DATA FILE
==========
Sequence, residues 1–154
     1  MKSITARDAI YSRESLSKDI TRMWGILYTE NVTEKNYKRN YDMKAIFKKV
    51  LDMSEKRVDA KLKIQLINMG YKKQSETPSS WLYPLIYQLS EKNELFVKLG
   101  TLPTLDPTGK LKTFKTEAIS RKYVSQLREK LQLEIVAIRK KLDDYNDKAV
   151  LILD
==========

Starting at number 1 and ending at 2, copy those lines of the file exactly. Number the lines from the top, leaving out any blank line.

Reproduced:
Sequence, residues 1–154
     1  MKSITARDAI YSRESLSKDI TRMWGILYTE NVTEKNYKRN YDMKAIFKKV